by Jeremy Ames
At Regina Spektor’s sold out show at the Orpheum in Boston earlier this month, the same guy yelled “Music Box!” from the audience three times. Each time, Regina launched into one of her more laid back, albeit beautiful, ballads. Regardless of the fact that most artists construct their setlists in advance, and playing “Music Box” was never really in the cards, it does beg the question, “At what point can an artist take ultimate control of their setlist?” And in doing so, does someone like Spektor end up with a better show, something more resembling art than pop?
Here’s a visualization of Regina’s setlist. For simplicity’s sake, the focus is on Spotify listens and provides an approximate timeline of when the guy got restless and wanted to pick his own song.
Granted, popularity as measured simply by “listens” can be skewed by length of time since a song has been released. In other words, songs on Regina’s 2016 Remember Me To Life album, which made up a good portion of the middle of the setlist, might look less “popular” than older songs that have just had more time to be played.
However, the more somebody has listened to a song, the more ingrained it becomes, which is, in itself, a form of acclaim. Think earworms and choruses that the audience can sing along to, cell phones (or lighters, depending on how old you are) swaying in the air.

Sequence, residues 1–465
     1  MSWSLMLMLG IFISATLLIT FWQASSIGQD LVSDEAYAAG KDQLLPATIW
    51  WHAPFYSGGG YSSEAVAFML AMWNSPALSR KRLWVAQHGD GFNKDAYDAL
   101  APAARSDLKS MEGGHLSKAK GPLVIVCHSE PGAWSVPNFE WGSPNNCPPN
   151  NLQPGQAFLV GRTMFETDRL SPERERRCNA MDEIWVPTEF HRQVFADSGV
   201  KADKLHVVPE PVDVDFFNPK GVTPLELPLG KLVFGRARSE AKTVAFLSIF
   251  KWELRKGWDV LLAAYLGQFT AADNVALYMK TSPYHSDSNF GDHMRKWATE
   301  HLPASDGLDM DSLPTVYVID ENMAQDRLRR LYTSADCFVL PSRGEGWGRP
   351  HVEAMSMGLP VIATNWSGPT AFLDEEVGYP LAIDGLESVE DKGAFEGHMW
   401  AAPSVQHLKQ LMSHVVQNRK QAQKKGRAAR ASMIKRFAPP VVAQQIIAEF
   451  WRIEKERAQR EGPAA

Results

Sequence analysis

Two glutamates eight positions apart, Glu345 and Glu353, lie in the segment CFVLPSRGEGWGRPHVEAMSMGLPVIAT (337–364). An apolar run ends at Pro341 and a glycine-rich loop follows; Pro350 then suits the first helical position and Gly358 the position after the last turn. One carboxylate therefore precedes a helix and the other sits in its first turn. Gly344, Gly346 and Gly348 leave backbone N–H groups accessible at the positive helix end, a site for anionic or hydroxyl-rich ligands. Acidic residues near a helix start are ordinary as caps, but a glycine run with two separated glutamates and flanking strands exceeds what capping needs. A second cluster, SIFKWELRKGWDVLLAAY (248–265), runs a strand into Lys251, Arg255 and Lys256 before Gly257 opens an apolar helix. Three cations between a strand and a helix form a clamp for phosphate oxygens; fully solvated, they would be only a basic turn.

The point is, for about an hour, the audience forewent earworms in favor of soothing vocal art. In “Light,” a touching narrative on the new phase in her life, Regina sang about how “You and your daddy, you both look like poets./ Your eyes are open wide while you are in a dream.” In “Obsolete” she explored, “Why am I incomplete? Obsolete?” Newsflash Regina, you’re far from obsolete.
Energy and Eccentricity
Also vital to a performance are the energy of a song. Between her red dress worn for International Women’s Day, and the stage lighting, and a riling performance of “Bleeding Heart,” the place was on fire.
With Regina, her performance is also about the eccentricity factor. Her career has been built on it. We crave psychedelic lyrics, clapping, onomatopoeia, falsetto, yelling, and everything in between. That might explain why the guy was yelling for one of her most unique songs.
Regina delivered. The Orpheum was sold out because the audience knew she would deliver and was able take more control of her own setlist because she knows she’ll sell out. That series of songs we all just willingly soaked in were rewarded with an encore that was like 4th of July fireworks, culminating in “Samson.”
In the end it simply made for a night of amazing art. Now you might want to take that setlist and turn it into your own music box.